Making an impact vs making money
Many impact-driven founders have come to me seeking advice on balancing “making an impact” with “making money”. Impact-driven founders are typically concerned about drifting too far from their mission while trying to grow their business. I personally struggled with that issue while starting/growing Hoom House. I feel I have found that balance, but it took some time for me to get there.
Recently, I had a conversation with an early stage startup with a great social mission. They were concerned about becoming too “money driven” while they try build their customer base and partnerships. This is an excerpt of my feedback on their situation. My goal was to shift their perspective to help them understand that “making money” is not always in conflict with “making an impact”.
I am glad you guys are talking about your goals/mission. It is very important to define that up front so everyone is on the same page. That fact that you are having these conversations is a good indication that your collective heart is in the right place. Here is the advice I give people when they are worried about becoming too money driven.
What is your measure of success?
Sit down with your team and quantify what you are really trying to accomplish. Find the magic number that, if you hit, you would feel content closing the doors and saying “we did good”. If you served 100 people, would you consider it a success? 1,000 people? 10,000 people?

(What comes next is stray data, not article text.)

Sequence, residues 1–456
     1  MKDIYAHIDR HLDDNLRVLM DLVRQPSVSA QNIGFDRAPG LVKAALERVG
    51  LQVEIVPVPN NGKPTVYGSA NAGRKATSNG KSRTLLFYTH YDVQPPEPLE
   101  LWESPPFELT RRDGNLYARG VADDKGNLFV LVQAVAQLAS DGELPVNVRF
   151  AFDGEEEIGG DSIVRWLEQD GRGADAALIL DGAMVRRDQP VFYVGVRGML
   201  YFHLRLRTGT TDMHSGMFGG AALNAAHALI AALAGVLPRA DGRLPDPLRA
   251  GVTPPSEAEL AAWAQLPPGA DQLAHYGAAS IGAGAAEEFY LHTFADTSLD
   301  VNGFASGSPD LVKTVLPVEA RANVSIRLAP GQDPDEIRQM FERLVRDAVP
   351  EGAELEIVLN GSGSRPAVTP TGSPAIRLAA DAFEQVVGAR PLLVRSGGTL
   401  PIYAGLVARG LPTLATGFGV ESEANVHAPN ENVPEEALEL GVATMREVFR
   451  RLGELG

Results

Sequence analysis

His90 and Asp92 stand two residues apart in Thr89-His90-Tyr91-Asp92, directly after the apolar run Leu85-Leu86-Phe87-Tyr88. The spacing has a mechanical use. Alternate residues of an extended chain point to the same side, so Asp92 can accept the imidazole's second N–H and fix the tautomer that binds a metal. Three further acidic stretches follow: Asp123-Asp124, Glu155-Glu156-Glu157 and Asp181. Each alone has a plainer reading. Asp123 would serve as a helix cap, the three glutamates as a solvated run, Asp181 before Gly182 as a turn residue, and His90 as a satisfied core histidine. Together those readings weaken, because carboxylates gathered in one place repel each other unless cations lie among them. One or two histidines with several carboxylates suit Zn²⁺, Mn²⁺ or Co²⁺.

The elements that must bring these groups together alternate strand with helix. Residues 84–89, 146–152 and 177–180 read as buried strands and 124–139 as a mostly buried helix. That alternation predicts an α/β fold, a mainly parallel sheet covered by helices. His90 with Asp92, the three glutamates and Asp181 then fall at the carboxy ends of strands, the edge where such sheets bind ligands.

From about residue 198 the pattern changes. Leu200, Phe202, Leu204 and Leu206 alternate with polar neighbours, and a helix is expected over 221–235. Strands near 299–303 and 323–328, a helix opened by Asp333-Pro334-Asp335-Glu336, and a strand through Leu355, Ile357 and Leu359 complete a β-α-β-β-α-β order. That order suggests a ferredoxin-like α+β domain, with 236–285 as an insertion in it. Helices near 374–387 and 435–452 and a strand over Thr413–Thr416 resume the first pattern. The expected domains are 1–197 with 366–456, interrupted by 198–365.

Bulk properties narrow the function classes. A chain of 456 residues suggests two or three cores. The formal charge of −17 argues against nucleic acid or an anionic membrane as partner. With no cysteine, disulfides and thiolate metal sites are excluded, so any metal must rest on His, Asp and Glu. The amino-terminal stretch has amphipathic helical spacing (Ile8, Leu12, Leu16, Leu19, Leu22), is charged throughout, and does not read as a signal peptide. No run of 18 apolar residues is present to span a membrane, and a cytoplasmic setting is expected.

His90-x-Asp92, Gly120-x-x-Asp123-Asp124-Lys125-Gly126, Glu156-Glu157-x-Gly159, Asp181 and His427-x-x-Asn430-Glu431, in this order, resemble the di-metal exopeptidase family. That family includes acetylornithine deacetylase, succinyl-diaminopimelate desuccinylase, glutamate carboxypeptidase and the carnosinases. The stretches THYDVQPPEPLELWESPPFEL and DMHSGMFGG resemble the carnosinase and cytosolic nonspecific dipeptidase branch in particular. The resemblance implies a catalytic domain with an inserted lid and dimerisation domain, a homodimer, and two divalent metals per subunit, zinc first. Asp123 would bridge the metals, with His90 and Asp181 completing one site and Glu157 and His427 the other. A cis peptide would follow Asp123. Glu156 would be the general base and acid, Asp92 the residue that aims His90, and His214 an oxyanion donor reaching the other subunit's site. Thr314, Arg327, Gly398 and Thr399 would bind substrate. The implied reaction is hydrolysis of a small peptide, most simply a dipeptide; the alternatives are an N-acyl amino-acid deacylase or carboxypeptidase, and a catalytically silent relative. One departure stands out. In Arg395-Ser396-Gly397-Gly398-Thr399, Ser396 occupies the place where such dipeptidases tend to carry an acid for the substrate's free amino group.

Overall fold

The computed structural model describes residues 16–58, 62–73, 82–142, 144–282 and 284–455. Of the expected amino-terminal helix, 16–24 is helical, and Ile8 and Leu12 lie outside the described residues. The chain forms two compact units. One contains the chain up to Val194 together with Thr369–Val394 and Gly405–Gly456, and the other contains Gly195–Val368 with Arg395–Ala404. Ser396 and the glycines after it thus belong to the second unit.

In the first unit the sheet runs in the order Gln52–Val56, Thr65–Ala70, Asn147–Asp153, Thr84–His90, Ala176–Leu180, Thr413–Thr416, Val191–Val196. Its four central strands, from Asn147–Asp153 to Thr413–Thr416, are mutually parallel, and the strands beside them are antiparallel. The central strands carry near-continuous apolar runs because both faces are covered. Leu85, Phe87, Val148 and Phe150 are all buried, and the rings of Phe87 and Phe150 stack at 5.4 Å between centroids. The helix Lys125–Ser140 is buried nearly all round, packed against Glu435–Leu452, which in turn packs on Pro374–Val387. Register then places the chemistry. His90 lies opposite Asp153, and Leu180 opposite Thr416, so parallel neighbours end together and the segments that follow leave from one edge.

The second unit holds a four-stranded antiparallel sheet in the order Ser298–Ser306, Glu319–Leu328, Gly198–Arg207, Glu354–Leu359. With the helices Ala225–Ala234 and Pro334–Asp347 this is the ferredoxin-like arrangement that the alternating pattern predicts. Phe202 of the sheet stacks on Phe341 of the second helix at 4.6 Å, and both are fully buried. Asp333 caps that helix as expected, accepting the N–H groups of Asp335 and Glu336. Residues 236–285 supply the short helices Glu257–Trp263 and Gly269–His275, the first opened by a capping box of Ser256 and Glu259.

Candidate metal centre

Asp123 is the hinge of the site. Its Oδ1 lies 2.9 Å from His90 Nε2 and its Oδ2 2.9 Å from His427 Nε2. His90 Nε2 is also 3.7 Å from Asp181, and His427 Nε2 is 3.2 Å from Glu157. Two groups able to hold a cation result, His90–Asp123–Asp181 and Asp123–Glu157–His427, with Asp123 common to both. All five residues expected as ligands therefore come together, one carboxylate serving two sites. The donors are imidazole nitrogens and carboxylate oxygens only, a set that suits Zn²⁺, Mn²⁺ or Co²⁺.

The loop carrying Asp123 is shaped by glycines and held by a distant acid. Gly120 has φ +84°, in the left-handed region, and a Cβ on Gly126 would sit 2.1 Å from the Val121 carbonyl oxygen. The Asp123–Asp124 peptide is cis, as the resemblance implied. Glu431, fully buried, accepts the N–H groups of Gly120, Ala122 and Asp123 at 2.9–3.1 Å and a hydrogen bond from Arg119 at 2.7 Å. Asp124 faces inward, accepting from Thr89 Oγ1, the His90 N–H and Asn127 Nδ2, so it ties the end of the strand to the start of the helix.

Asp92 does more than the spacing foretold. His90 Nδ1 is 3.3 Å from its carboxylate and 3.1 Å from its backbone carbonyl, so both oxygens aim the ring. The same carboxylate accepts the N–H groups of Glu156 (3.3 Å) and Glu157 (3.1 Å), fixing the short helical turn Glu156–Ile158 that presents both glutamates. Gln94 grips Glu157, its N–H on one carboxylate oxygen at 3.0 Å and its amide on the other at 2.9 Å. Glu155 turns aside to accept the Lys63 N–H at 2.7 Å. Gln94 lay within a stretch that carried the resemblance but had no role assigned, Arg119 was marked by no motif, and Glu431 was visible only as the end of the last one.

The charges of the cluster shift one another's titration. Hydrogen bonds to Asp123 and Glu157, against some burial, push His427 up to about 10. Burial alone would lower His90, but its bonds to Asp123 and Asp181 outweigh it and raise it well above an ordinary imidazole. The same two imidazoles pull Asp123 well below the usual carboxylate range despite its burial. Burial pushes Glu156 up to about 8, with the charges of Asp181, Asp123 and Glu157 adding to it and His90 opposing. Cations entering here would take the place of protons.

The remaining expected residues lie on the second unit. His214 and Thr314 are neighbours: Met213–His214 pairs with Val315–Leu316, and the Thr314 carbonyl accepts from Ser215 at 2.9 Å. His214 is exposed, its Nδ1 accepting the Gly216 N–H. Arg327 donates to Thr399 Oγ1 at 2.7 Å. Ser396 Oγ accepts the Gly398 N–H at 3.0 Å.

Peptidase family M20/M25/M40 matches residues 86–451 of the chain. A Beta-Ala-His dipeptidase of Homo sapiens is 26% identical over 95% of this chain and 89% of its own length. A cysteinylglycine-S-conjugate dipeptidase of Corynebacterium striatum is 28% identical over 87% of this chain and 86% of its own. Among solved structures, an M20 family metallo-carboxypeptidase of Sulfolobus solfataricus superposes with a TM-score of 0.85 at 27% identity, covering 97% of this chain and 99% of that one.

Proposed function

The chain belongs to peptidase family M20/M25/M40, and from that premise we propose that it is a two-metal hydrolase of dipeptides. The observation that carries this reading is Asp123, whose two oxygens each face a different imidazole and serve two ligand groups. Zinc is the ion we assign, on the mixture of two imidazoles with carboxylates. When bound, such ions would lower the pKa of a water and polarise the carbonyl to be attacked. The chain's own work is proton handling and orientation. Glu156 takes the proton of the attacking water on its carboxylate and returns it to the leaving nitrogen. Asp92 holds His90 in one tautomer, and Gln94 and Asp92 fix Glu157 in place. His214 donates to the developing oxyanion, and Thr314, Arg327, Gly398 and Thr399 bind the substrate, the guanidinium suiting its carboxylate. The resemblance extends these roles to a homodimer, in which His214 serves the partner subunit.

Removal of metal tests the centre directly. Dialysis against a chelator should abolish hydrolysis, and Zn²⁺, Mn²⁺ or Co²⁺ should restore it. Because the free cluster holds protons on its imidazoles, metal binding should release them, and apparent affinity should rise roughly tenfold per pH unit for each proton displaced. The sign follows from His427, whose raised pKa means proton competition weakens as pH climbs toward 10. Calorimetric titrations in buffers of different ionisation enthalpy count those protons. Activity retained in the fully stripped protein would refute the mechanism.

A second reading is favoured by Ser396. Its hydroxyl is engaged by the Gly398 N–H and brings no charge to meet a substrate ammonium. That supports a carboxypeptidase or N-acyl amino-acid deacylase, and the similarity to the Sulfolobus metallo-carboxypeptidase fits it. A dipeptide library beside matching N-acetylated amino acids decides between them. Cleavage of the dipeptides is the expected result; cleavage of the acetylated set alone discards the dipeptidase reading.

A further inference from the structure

Once everyone agrees on the same definition of success, you can figure out how to build your business. If you discover that your magic number is pretty small, then you do not need to worry about making money. You may not even need to run a business at all to accomplish your goals.
If your number is bigger, you need to be “money driven” so you can accumulate the resources needed (supplies, staff, cash) to make an impact. And don’t forget: if you are re not making money, it is not a business; it is just an expensive hobby.
Ways to achieve that goal
There are plenty of pathways to achieve your goal. You mentioned donating a percentage of earnings or doing a 1-for-1 program. Donating a percent of earnings (through cash or free product/services) requires that you grow the top end of the business first. I would rather donate 10% of $1 million than 50% of $100,000. Corporate giving can certainly be a part of your impact strategy, but I would not risk the growth/stability of your company in the early stages simply to say that you donate some amount.
Instead, I encourage you to look at the “Bill Gates option”. Bill Gates made billions off of Microsoft. His company, Microsoft, gives less than 1% of its earnings to charity. That still makes Microsoft a top 10 philanthropic company. More importantly, Bill and his wife Melinda have personally given more money to causes than anyone in the world. (source) They are now eradicating diseases from the world with their Microsoft money. For a “money driven” guy, I think Bill Gates is doing more good in this world than us!
Yes, Bill Gates is a bit of an extreme example, but I think you get the picture. Your odds of making a significant impact are greater if you build a greater company to fulfill your mission.